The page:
3 Policies Driving Innovation in the Electricity Sector

solar photoAs rapid changes in energy technology – both in renewable and fossil fuel sources – transforms the way we power our lives, we have a chance to leave our children a prosperous world and reduce the effects of climate change. But, to scale fast enough, we need smart policies – at all levels of government.

National policies are essential to raise our level of ambition, put a price on carbon, limit emissions from key sectors, and spur innovation. For example, the Clean Power Plan would accelerate the adoption of clean energy technologies. But, many states are taking strides to promote innovative technologies and paving the way for national policy.

  1. Dynamic Pricing

For 20 years, the Nobel prize-winning theory of dynamic pricing has benefitted a range of industries from hotel bookings on Orbitz and Amazon’s popular item pricing to surge fares on Uber and many more. Dynamic pricing is a key tool to maximize the market opportunity for a range of clean technologies, but most state public utility commissions have been slow to take advantage of this tool.

EDF is advocating for dynamic pricing in target states around the country. One example is California, where, by 2019, nearly nine million residential customers will have “time-of-use” as their default pricing. Studies show this type of dynamic pricing scheme alone could shave peak residential power demand by about 10 percent. And, in addition to other policies we’ve championed, it convinced state leaders that it is feasible to raise California’s renewable energy goal to 50 percent. We estimate that these victories will cut the state’s overall greenhouse gas footprint by about seven percent.

  1. Access to Big Data

The grid of the future envisions home appliances, electric vehicles, rooftop solar, and smart thermostats operating seamlessly with the power grid. And, today, over 50 million smart meters connect American homes and businesses to the grid. Unfortunately, many electric companies don’t make it easy for customers to see their own data or to share it with energy management services that can help reduce costs and pollution.

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In Illinois, EDF worked with a customer-advocacy group called Citizens Utility Board to develop our Open Data Access Framework that’s now been adopted by state regulators and local utilities. Energy entrepreneurs like Nest and Google plan to use this data transparency to help customers save energy and money. And EDF is working to replicate the framework in other key states.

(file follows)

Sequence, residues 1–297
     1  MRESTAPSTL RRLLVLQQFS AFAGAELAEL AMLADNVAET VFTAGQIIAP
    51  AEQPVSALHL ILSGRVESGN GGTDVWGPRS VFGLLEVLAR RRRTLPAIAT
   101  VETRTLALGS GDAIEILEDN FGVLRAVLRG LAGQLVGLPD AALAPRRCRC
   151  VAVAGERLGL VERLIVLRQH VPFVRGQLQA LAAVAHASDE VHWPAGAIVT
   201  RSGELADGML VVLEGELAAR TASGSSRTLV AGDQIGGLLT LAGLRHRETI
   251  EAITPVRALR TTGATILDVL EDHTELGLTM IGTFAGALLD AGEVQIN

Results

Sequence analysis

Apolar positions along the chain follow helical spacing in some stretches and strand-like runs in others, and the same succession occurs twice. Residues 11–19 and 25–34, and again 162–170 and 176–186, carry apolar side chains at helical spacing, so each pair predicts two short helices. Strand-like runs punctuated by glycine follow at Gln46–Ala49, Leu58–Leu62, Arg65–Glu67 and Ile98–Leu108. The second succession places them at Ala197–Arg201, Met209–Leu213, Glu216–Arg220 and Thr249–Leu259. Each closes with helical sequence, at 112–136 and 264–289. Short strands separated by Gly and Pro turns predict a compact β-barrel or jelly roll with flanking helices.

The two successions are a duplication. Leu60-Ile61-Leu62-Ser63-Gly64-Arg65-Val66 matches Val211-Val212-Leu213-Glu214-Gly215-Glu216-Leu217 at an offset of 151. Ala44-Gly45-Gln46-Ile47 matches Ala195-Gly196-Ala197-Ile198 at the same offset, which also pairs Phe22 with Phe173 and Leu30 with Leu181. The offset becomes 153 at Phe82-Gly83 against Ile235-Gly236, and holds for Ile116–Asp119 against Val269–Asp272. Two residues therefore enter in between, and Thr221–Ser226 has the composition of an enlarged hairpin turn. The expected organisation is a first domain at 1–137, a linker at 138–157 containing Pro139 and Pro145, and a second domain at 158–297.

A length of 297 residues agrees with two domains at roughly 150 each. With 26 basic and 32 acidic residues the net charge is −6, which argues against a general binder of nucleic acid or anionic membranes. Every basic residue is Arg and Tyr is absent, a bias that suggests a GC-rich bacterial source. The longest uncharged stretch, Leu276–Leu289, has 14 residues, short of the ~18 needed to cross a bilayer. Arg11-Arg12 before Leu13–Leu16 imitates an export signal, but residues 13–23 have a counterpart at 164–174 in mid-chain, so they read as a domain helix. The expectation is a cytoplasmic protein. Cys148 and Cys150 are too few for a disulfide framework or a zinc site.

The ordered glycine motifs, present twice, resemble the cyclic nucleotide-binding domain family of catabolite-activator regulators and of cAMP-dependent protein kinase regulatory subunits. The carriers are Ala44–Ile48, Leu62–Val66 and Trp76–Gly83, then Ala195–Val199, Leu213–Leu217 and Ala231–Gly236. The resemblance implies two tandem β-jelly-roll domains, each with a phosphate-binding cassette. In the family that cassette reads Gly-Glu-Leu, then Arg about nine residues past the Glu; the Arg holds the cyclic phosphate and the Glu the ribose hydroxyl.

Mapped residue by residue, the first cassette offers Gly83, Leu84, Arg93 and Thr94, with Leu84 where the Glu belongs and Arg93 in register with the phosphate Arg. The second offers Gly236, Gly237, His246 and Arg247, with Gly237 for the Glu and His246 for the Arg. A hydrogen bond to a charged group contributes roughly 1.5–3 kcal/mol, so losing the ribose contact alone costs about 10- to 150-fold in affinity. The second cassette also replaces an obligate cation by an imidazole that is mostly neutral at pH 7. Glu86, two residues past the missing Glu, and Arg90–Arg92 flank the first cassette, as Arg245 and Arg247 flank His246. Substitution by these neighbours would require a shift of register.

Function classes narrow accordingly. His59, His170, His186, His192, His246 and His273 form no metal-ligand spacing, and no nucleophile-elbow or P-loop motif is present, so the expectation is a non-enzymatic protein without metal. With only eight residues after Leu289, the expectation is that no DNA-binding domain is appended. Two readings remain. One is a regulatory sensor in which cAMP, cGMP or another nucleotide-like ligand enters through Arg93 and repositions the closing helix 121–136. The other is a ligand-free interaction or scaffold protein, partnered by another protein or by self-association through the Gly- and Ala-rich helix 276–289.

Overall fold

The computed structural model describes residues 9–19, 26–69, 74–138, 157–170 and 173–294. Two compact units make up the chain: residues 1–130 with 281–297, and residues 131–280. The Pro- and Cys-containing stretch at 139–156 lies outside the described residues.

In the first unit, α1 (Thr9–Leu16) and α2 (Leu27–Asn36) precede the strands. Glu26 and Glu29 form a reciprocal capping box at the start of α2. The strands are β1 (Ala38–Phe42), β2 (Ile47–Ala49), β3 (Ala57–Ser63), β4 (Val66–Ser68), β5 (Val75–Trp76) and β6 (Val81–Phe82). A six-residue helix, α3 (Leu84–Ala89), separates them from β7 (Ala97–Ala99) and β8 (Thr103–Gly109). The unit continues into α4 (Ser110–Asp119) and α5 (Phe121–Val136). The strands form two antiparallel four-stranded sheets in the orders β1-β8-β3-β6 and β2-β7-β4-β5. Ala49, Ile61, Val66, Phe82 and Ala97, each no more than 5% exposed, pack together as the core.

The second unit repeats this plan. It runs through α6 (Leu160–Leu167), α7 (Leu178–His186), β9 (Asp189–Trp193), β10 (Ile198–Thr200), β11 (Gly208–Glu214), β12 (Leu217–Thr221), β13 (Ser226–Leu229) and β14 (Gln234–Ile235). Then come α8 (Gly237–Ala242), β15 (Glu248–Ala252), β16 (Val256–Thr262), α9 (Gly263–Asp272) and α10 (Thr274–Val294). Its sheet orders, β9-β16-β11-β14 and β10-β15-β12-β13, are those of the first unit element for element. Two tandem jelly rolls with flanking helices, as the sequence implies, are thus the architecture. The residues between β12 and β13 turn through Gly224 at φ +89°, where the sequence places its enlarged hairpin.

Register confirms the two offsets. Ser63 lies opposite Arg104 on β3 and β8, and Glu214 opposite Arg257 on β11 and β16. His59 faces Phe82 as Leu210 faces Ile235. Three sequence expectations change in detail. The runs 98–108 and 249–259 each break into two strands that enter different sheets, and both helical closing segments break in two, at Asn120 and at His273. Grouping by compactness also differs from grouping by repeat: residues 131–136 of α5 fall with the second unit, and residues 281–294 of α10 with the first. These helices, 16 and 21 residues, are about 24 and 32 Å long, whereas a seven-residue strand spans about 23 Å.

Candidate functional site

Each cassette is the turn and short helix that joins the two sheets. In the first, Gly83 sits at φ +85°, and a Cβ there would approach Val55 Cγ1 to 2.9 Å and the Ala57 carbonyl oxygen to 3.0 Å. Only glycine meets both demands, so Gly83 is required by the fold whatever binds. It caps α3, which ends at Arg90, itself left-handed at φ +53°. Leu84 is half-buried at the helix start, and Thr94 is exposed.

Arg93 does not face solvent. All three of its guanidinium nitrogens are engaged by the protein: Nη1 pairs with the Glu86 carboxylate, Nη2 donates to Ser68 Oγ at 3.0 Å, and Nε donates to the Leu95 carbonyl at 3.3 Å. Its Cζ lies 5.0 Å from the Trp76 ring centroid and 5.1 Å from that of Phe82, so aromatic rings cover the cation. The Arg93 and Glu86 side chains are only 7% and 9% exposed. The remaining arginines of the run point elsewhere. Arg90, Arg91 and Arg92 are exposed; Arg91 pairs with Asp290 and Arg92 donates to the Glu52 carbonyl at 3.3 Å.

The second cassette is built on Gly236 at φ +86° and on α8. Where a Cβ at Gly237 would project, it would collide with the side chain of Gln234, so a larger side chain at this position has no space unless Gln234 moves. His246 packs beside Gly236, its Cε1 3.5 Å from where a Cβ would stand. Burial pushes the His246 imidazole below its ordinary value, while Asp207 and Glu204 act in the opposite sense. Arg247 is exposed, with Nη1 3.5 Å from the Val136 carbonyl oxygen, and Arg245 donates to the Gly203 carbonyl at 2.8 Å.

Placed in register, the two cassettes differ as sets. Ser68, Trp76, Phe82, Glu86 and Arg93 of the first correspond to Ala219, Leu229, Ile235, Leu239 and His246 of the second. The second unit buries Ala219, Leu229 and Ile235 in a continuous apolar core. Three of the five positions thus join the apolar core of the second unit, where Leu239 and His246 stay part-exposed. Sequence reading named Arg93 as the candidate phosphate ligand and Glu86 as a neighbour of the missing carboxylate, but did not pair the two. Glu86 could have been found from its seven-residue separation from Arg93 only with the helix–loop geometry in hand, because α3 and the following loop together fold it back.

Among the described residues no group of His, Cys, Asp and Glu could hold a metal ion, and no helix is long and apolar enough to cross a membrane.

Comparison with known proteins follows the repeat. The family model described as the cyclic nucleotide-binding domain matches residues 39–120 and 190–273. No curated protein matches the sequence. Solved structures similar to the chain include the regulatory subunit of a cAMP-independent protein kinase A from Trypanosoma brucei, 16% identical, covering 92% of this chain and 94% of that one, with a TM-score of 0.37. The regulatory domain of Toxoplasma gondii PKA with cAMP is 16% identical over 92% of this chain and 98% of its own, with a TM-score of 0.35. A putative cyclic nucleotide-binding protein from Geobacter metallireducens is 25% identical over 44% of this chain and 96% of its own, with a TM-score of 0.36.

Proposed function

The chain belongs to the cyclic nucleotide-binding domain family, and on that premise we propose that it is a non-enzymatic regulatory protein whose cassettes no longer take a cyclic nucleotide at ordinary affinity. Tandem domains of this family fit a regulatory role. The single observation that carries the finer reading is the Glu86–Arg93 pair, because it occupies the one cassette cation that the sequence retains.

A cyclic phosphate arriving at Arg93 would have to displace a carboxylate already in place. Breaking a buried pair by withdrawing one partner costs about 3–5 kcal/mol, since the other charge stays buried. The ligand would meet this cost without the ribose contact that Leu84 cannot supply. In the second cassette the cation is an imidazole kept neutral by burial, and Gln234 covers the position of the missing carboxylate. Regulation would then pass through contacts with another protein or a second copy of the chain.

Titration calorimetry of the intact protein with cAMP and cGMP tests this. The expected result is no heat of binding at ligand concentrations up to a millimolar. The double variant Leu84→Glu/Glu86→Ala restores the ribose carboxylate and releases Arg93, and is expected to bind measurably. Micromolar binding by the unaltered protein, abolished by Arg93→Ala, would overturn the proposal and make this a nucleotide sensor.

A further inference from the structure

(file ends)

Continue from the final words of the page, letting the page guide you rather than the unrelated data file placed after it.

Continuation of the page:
1. Incentives for Efficiency

You get what you pay for. So if states want to reduce the air pollution that comes from generating electricity, shouldn’t they make it possible for electric utilities to earn more by polluting less? That seems like a no-brainer, but many of today’s incentives point exactly the wrong way. If utilities help promote energy efficiency, for example, they sell less electricity and earn less.

We do not have to choose between cleaner air, a thriving economy, or shared prosperity; we can have it all.

EDF and its partners worked with the state of Illinois to link a major electric utility’s compensation to its environmental performance, and developed a unique new metric for linking greenhouse gas reductions to clean energy. It’s the first time this has been done, but it won’t be the last, because EDF is now pursuing this pay-for-performance approach with other states, too, including New York and California, and we’re aspiring to make it the standard nationwide.

We do not have to choose between cleaner air, a thriving economy, or shared prosperity; we can have it all. We just need smart policies to help drive innovations and technologies that can make the clean energy future a reality.

To learn more about policies driving innovation in the electricity sector, please join Diane at the Brainstorm E conference today (5/17/16), where she’ll be speaking on the panel, Living with Fossil Fuels in a Carbon Constrained World at 12:25 PT.

Photo source: Grid Alternatives

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